Monday, 8 April 2019

Could Scotland Push For A 2nd Referendum?

In 1707 Scotland and the Scots we're bought and sold for English Gold or so say the words of Robert Burns. When, in reality the union had formed 54 years earlier with the formation of the Commonwealth between the two countries with the United Kingdom coming into force 1 May 1707.

A Remarkable alliance by all accounts, on one side the English were concerned that the Scots would form or rekindle an old alliance with the French, turning against the English. England had become reliant on many Scots regiments to fight within the army of the then Commonwealth, the fear that these troops would change sides was a real and present danger. On the Scottish side they were heavily in debt following an investment intended to create a great trading route between the Atlantic and stretching across the Pacific. With every Scot, or those that could invest £5 invested in a new pioneering venture based in Panama. This failed impoverishing Scottish folk, hence the term coined by Robert Burns. Whilst the term had negative tones the intent was honourable,  and of mutual benefit.

Today we have a real and present danger that the Union will be shattered after a no deal Brexit. This has reduced somewhat due to the SNP losing seats at the last election but it hasn't disappeared. With Parliament behaving the way it has, this could be the catalyst that forces the disintegration of the union, not Brexit.

In many ways this should give time for reflection by those ardent Brexiteers. On one hand the European Union is not flavour of the age, but the historic union between the two great Kingdoms is, and a delicate path forward has to be found. The fragility of the UK is further at risk due to the parliamentary shenanigans. Brexit has been mishandled.

The UK is worthy of saving, and the EU is worthy of leaving. We have a long and powerful history together, fought in wars together. We have a shared language, a shared monarchy, and we have both benefited economically and will continue to do so once we are through this, what is a silly season in British Politics.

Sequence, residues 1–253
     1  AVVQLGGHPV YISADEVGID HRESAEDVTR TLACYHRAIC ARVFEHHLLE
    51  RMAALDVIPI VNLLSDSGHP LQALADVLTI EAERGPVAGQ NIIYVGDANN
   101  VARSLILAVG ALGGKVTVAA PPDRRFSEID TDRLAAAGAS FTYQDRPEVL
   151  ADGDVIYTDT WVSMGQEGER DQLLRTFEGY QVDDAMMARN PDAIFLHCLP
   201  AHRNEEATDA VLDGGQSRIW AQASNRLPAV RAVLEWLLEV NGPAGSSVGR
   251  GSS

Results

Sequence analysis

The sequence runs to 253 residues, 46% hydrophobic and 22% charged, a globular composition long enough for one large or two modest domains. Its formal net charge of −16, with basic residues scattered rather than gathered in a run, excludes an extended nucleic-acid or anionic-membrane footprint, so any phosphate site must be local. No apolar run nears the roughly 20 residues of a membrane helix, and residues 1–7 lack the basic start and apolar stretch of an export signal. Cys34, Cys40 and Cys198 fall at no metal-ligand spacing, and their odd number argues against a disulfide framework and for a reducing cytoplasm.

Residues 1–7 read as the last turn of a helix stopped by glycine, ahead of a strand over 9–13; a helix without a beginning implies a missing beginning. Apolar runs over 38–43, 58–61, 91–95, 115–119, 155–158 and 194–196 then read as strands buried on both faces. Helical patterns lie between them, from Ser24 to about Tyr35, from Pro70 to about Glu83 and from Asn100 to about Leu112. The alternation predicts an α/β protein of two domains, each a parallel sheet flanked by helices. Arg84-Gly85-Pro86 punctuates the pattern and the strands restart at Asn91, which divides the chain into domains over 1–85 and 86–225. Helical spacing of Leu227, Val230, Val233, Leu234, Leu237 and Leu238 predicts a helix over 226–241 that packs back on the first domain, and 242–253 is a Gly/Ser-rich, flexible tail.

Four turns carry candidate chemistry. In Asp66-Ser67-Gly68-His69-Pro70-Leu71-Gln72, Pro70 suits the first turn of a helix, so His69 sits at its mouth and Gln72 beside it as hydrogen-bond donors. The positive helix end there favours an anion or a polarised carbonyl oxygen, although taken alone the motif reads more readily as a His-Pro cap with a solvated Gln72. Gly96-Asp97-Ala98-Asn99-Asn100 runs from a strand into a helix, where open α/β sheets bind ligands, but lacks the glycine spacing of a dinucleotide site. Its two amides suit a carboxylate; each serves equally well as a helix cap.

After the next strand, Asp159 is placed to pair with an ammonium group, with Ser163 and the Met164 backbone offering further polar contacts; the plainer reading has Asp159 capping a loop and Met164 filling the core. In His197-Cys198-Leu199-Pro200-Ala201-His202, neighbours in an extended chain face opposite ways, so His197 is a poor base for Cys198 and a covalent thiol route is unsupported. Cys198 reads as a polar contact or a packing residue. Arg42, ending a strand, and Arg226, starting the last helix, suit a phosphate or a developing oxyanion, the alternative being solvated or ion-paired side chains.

Scottish secession will be won or lost based on ideology, emotion and a misguided dislike of all things English. This would be a travesty as undoubtedly we have prospered together. The EU presents a real and present danger to Scotland should they get their hands on this culturally rich kingdom. However, Scotland could well be a bystander in the success of Great Britain and those that remain in the United Kingdom. 

In the Union's favour is of course the economic circumstances. Scotland's economy is reliant on oil, during the last referendum for Scottish Independence the oil price hovered around $120 per barrel, looking poised to accelerate northward, today we have $60 approx. The economic situation is a far cry from 2014. Even 2014 the economic well-being of Scotland was far from assured. Today it would make no sense at all, particularly when you look to the Eurozone and their lacklustre growth. For sure Scotland would need to participate in the Euro and the eurozone has been a straight jacket to many EU economies.

Let's be clear for Scotland to be a success austerity would need to bite more severely than it has. Taxes would have to rise and public spending would need to be cut. The Remaining UK tax payers subsidise Scotland to the tune of £1000 per head per year. 

The EU have made clear Scotland will leave the EU when the UK leaves the EU. Scotland would have to join the EU by taking its place in the queue. Membership is not at all assured. Spain will most certainly veto membership fearing a backlash from Catalonia.  Although, in 2017 Spain have said they would not veto Scotland joining it is generally felt that that was an enforced political posturing. 

To detract from the emotional passion to pull away from England, there are several factors to consider:

  1. The Scottish English border would be a headache for the EU. 
  2. Scotland’s exports to England and Wales are today four times larger than they export to the EU.
  3. Scottish businessmen and women will most certainly migrate south causing a significant exodus of wealth and jobs from an already beleaguered nation.
  4. The subsidy argument should not be dismissed, the EU would need to take up the slack at a time when they are reeling from the loss from what is the equivalent of 20 EU states.

The upshot is that the economic losses for Scotland from leaving the UK are probably greater with the UK out of the EU. Meanwhile, as the EU’s problems mount, and indeed the chances of an EU break-up rise, the wider case for Scotland to leave the UK looks weaker still. Suppose Scotland left the UK, believing that the EU would give it shelter, only to find that the EU had broken up. What a fate that would be. So, in contrast to the prevailing conventional wisdom, I believe that a Scottish secession from the UK is now much less likely than it was a few years ago. Click here

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